Parents delay retirement due to worries about adult children

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TORONTO, ONTARIO--(Marketwired - Dec. 16, 2015) - BMO Wealth Management today released a report titled "The Family Bank - a source of comfort for everyone," which examines the financial support that Canadian parents provide their children aged 18-34 and how this support is impacting their own financial well-being. The report also compares the financial support parents received when they were young adults themselves with the support today's young adults currently receive.

 

According to the report, Canadian parents with children aged 18-34 are willing to make the following sacrifices in order to provide financial support for them, if required:

 

- Retire later than planned (50 per cent)
- Save less for retirement (33 per cent)
- Have a less comfortable retirement (32 per cent)
- Take on debt (22 per cent)
- Withdraw from their retirement savings (19 per cent)

 

The willingness of Canadian parents to make these sacrifices reflects the anxiety they have about their adult children's future well-being. They are most concerned that their children may have:

 

- Financial problems caused by debt (41 per cent)
- Difficulties achieving financial independence (34 per cent)
- Insufficient or lack of employment (31 per cent)

 

"It's no surprise that so many parents want to ensure their children succeed and live comfortably in adulthood," said Chris Buttigieg, Senior Manager, Wealth Planning Strategy, BMO Wealth Management. "However, when parents make their adult children's needs a priority, it may have a significant impact on their own financial situation and plans for the future, including retirement. A financial professional can help parents understand the long-term cost of the support they provide their children and ensure it is considered in a comprehensive financial plan."

 

New Generation, New Financial Plan

 

The report also found that almost half (48 per cent) of parents with children who are aged 18-34 said that they themselves as young adults received little to no financial support from their parents. This compares with just 20 per cent of adults aged 18-34 today who report the same thing.

 

"Times have changed and the way each generation reaches financial independence differs. Parents should assume that they will be providing more help to their children than they received themselves when they were transitioning into adulthood," said Mr. Buttigieg. "It's important for parents and their adult children to have open communication with each other about their expectations for financial support to avoid any misunderstandings. These conversations will also give children an understanding of the limits to their parents' resources so that they can account for this as they begin to take responsibility for their own finances."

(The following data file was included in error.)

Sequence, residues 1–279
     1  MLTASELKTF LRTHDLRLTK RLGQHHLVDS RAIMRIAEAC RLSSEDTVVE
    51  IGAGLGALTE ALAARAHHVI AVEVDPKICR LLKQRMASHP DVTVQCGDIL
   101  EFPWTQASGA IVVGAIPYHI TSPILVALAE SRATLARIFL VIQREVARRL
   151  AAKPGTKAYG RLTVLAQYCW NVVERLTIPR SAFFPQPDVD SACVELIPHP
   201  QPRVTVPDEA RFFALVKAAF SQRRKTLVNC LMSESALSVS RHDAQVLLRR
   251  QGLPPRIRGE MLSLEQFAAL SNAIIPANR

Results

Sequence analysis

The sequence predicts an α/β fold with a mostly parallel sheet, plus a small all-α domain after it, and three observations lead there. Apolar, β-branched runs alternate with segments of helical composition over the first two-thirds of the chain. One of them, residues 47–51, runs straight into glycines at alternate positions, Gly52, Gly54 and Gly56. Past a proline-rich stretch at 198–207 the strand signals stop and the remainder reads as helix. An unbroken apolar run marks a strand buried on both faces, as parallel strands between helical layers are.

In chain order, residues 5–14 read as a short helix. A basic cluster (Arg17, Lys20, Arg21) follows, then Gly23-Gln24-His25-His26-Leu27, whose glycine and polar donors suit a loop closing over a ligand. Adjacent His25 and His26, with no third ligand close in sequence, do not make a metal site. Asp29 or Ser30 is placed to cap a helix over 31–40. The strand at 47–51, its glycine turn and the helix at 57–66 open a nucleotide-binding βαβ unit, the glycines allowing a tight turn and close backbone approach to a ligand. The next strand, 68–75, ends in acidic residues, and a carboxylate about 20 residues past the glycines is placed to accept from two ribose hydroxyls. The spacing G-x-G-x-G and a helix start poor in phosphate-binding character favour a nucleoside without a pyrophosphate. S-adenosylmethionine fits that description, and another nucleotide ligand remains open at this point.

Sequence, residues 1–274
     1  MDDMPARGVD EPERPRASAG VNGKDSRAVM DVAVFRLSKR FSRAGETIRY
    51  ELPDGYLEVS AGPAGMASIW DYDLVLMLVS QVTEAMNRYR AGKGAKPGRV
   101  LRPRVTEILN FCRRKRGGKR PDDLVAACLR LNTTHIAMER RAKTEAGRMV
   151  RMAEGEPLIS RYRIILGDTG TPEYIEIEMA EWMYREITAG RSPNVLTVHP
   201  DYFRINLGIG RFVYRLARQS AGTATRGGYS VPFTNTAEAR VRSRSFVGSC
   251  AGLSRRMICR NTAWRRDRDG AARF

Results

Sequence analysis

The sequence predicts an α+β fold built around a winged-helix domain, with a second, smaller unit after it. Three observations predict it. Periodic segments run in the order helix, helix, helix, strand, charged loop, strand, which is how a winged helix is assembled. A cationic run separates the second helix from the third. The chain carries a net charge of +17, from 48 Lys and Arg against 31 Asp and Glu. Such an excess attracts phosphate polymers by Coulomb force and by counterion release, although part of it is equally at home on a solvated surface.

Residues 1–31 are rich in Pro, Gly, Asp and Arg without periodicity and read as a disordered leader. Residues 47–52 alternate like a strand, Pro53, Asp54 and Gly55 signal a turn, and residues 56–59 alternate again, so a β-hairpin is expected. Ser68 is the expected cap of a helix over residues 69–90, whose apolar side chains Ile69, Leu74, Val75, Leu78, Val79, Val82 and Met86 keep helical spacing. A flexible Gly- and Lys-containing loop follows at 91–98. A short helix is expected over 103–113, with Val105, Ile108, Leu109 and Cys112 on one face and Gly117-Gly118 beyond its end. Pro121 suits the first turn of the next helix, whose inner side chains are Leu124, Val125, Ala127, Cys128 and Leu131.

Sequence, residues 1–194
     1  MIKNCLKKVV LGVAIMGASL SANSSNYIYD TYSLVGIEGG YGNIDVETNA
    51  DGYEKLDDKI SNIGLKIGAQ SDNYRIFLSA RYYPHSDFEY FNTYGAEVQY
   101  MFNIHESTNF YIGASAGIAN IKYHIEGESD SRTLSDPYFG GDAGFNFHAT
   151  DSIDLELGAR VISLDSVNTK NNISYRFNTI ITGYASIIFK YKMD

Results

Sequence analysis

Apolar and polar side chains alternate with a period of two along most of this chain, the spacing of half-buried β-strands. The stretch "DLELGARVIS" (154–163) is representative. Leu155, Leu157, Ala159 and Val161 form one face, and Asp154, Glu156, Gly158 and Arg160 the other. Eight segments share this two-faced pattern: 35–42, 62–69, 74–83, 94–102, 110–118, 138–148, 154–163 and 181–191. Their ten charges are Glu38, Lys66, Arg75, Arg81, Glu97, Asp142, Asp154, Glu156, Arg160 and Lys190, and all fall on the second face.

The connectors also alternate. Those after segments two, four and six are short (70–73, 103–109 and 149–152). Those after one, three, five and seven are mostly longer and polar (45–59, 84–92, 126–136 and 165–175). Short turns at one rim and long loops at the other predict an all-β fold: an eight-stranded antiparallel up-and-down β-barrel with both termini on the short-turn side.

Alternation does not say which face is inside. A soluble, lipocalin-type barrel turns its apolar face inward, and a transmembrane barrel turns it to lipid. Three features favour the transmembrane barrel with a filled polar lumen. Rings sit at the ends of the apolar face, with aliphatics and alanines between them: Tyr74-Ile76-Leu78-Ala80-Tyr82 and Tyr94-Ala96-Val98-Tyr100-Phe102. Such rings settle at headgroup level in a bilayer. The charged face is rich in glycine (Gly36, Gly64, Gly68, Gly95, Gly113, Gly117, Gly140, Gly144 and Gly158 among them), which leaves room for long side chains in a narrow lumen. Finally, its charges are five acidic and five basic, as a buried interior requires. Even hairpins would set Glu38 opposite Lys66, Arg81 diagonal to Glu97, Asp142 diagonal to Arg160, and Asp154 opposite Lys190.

BMO offers the following financial planning tips to parents:

 

- Teach children about money from an early age: Children may rely on financial support from their parents simply because they have not learned enough about money. An understanding of personal finances involves learning how to budget and establishing saving and investing before spending habits. This will help children learn to live within their means, rather than looking for a financial top-up to support an extravagant lifestyle.

 

- Invest in a Tax-Free Savings Account (TFSA): A TFSA can make savings more tax efficient and extend a parent's ability to use their resources to meet financial goals. Although the amount that can be contributed annually to a TFSA is limited, income earned in the account is generally not subject to any Canadian taxation.

 

- Consider income-splitting opportunities: Income-splitting strategies can help to increase the benefit available for children and dependent parents. Through the use of a family trust or a carefully documented prescribed-rate loan strategy, the tax cost on income can be legitimately allocated to family members in a lower income tax bracket.

 

- Leave a legacy of financial comfort: Parents can ensure that their wills provide for their children adequately. A joint insurance policy on both spouses that pays out a lump sum tax-free to the surviving spouse to supplement income or to support children who may be struggling financially is a good option.

 

If you would appreciate an opportunity to explore your possiblities and understand your course to share wealth with your family, contact Four Points Financial Solutions today at 1-866-235-0004.